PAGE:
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TOP 10 PROSPECTS
|1. Braxton Garrett, lhp|
|2. Luis Castillo, rhp|
|3. Tyler Kolek, rhp|
|4. Brian Anderson, 3b|
|5. Dillon Peters, lhp|
|6. Jarlin Garcia, lhp|
|7. Edward Cabrera, rhp|
|8. Austin Dean, of|
|9. Stone Garrett, of|
|10. Thomas Jones, of|
The Marlins’ season of promise and progress came to an abrupt end in the early morning of Sunday, Sept. 25.
The awful news that morning—that ace righthander Jose Fernandez and two friends were killed in a boating accident off Miami Beach—rocked all of baseball. It cast a pall over a season in which the Marlins remained in the wild-card chase until August and clouded the future of the franchise.
Fernandez was in the midst of a terrific season after Tommy John surgery cost him parts of 2014 and 2015. In 29 starts he went 16-8, 2.86 with 253 strikeouts and led the majors with 12.5 whiffs per nine innings. He was proud of a revamped changeup and struck out 12 Nationals hitters in what ended up being his final time on a mound on Sept. 20.
The Marlins were building around Fernandez and $325 million slugging right fielder Giancarlo Stanton.
Where they go next is unknown.
“When you talk about a tragedy like this, there are no words,” team president David Samson told reporters that day. “There is no playbook.”
Before a late-season swoon—and the tragedy—the Marlins had compiled winning records in April, May, June and July and were 47-41 at the all-star break. As expected, the team’s outfield led the way. Stanton, despite a groin strain, hit 27 homers, but he was the third-most productive member of the crew. Center fielder Marcell Ozuna (23 homers, .778 OPS) bounced back and left fielder Christian Yelich broke out with a career-best 21 homers and .298/.376/.483 season.
There were also encouraging signs from young players, such as lefthander Adam Conley, 26, now the club’s best homegrown arm. Catcher J.T. Realmuto, 25, emerged as an offensive threat to go with his strong throwing arm and athleticism behind the plate. Rookie righthanders Kyle Barraclough, Nick Wittgren and Brian Ellington buoyed a powerful bullpen that ranked in the top half of the National League in strikeout rate.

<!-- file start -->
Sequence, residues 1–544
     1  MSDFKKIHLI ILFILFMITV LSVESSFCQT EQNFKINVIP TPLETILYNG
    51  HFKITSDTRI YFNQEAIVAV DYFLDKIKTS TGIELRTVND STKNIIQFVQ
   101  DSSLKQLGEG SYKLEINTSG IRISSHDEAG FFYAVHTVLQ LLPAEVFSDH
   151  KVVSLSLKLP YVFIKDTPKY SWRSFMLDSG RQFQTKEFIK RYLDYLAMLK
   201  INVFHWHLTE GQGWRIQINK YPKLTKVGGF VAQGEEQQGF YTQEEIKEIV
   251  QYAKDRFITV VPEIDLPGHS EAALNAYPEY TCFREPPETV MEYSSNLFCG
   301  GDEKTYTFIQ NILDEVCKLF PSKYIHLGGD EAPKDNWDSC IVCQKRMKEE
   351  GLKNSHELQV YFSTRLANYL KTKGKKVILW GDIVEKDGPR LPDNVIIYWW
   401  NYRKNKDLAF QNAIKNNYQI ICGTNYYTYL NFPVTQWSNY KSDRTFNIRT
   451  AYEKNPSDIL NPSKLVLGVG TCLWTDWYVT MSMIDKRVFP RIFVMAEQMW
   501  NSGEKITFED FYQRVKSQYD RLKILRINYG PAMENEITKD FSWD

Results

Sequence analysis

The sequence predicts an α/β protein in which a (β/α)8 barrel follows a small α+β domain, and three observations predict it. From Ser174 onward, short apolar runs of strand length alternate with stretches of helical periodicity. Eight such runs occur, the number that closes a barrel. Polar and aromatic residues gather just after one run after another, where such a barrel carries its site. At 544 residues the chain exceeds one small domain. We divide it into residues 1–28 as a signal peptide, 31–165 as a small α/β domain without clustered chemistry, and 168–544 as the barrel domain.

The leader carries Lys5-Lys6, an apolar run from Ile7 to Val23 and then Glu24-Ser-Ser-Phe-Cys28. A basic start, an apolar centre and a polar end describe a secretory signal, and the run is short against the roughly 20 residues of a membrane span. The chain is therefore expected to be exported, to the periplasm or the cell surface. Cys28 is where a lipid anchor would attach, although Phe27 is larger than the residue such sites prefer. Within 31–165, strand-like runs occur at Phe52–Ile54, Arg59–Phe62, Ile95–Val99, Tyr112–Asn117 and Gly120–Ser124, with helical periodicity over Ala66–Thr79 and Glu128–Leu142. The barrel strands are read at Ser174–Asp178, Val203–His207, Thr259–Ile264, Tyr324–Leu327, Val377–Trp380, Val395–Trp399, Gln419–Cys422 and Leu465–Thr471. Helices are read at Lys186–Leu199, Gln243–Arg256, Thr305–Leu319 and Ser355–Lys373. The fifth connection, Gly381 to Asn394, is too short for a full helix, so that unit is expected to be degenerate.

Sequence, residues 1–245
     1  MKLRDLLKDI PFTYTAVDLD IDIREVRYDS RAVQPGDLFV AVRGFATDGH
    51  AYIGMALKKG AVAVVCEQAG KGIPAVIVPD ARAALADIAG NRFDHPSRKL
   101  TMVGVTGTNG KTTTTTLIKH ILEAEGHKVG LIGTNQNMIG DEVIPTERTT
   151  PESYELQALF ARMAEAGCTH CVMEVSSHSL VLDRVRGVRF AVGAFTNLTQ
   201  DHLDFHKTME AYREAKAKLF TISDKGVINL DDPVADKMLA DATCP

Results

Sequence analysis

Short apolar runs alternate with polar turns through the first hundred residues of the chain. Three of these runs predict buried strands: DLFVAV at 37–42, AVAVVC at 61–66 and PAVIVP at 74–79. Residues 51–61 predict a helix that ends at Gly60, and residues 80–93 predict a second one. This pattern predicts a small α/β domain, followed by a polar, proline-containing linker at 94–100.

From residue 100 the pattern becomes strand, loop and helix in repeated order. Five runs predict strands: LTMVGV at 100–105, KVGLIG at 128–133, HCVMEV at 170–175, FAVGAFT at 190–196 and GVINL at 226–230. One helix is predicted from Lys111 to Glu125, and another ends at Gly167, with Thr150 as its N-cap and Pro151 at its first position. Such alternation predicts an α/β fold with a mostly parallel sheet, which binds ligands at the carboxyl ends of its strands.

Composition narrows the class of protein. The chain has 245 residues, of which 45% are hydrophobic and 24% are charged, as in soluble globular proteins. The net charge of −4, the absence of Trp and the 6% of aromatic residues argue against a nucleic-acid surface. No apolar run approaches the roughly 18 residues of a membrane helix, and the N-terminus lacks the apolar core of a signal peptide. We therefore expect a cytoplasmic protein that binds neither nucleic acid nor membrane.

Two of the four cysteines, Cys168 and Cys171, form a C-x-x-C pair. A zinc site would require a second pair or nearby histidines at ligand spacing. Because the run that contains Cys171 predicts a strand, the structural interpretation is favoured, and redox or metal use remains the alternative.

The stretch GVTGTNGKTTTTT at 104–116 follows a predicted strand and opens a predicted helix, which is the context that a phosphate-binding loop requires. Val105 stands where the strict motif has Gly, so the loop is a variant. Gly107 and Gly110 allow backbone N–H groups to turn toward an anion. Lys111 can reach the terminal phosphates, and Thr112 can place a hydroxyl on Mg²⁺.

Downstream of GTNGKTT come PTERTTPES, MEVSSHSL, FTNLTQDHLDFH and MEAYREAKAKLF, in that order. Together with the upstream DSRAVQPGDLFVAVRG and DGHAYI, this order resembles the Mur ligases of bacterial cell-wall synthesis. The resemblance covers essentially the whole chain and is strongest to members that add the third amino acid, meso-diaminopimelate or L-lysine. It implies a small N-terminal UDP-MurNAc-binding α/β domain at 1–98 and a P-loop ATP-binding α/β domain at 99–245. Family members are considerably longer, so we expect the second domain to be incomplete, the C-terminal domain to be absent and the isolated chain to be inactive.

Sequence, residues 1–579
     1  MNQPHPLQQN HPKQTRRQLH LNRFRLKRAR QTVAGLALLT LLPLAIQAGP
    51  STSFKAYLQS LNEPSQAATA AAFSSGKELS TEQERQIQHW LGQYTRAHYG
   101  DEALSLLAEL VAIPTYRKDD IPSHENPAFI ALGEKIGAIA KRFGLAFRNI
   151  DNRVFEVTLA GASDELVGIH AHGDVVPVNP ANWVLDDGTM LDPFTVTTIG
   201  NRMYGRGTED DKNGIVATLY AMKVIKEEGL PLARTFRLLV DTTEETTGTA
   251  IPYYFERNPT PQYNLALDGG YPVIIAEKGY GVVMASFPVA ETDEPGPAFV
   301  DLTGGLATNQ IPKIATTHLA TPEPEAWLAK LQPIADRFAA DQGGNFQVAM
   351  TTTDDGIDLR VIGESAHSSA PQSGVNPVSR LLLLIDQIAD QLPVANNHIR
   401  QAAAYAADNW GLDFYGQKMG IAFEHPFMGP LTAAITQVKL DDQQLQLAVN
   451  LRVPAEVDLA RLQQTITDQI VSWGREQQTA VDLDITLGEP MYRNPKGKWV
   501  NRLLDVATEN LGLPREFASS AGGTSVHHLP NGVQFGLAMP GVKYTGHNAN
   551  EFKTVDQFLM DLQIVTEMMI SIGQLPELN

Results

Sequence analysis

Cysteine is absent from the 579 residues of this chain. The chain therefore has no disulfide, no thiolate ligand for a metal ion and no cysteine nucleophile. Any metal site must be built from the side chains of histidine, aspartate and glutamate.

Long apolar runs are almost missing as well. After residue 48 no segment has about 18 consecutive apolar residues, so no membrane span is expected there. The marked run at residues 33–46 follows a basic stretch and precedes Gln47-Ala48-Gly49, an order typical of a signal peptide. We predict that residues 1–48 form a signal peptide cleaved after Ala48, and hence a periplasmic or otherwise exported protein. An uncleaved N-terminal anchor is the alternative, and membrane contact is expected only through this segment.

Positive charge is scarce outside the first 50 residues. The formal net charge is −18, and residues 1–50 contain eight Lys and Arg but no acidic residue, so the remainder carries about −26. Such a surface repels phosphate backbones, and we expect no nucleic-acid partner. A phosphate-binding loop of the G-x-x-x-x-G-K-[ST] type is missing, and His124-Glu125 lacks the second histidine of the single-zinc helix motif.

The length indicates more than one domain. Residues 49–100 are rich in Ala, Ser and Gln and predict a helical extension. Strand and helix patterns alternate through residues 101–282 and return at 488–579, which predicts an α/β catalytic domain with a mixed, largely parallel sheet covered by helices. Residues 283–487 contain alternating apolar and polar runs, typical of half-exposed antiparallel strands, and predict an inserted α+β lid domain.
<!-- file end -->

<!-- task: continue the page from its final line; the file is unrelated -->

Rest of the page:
The optimism did not trickle down to the farm system. The organization ranked 26th in baseball in domestic winning percentage at .454, with none of its domestic clubs qualifying for the playoffs. That, however, was an improvement over 2015, when Miami ranked last at .427, which was part of the reason the Marlins fired farm director Marty Scott and replaced him with former organization stalwart Marc DelPiano, who served in that role in 2003-04.
Big righthander Tyler Kolek, the No. 2 overall pick in 2014, needed Tommy John surgery after an uneven full-season debut in 2015, but he’s expected to be healthy for spring training. First baseman Josh Naylor, the No. 12 overall pick in 2015, was suspended after a knife incident in which he injured teammate Stone Garrett, then was traded to the Padres in a deal that netted righthander Andrew Cashner, pending free agent, and wild, 6-foot-8 reliever Tayron Guerrero.
Miami’s wild-card chase also prompted the club to trade for Padres closer Fernando Rodney, which cost them their No. 5 prospect at midseason, righthander Chris Paddack. The deals thinned an already shallow farm system, but the 2016 draft provides some promise, led by prep lefthander Braxton Garrett, the seventh overall pick, who finally got on a mound during instructional league.
But the Marlins face large obstacles in trying to contend in 2017, most notably the loss of their ace—and franchise face.
1. Braxton Garrett, lhp |
Born: Aug. 5, 1997. B-T: L-L. Ht.: 6-3. Wt.: 190. Drafted: HS—Florence, Ala., 2016 (1st round). Signed by: Mark Willoughby.
|Based on 20-80 scouting scale—where 50 represents major league average—and future projection rather than present tools.|
Background: For the second time in three years, the Marlins drafted a high school pitcher with their first-round pick. But unlike burly righthanded Texan Tyler Kolek—the No. 2 overall pick in 2014—the Alabama prep lefthander does not light up radar guns. His fastball sits in the low 90s compared with the high 90s where Kolek resides. Garrett has big-game experience, having helped USA Baseball’s 18U team win the gold medal at the 2015 World Cup—which he called his favorite baseball experience—and then throwing a four-hit shutout at USA Baseball’s National High School Invitational in March 2016. At No. 7 overall, Garrett was the highest-drafted Alabama prep player since shortstop Condredge Holloway of Lee High in Huntsville went fourth overall to the Expos in 1971 He was the highest-drafted Alabama prep pitcher since righty Rick James, drafted sixth overall in the first draft in 1965. Garrett, a Vanderbilt commit with a 3.8 grade-point average, was considered a tough sign and cost the Marlins $4,145,900, well above the $3,756,300 slot value.